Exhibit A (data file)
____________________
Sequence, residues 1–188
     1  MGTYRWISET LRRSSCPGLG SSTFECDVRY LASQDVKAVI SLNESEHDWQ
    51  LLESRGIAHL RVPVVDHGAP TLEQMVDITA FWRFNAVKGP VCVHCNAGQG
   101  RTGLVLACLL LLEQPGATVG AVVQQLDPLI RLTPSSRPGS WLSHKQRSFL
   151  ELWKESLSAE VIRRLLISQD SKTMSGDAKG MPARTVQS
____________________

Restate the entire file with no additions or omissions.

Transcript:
Sequence, residues 1–188
     1  MGTYRWISET LRRSSCPGLG SSTFECDVRY LASQDVKAVI SLNESEHDWQ
    51  LLESRGIAHL RVPVVDHGAP TLEQMVDITA FWRFNAVKGP VCVHCNAGQG
   101  RTGLVLACLL LLEQPGATVG AVVQQLDPLI RLTPSSRPGS WLSHKQRSFL
   151  ELWKESLSAE VIRRLLISQD SKTMSGDAKG MPARTVQS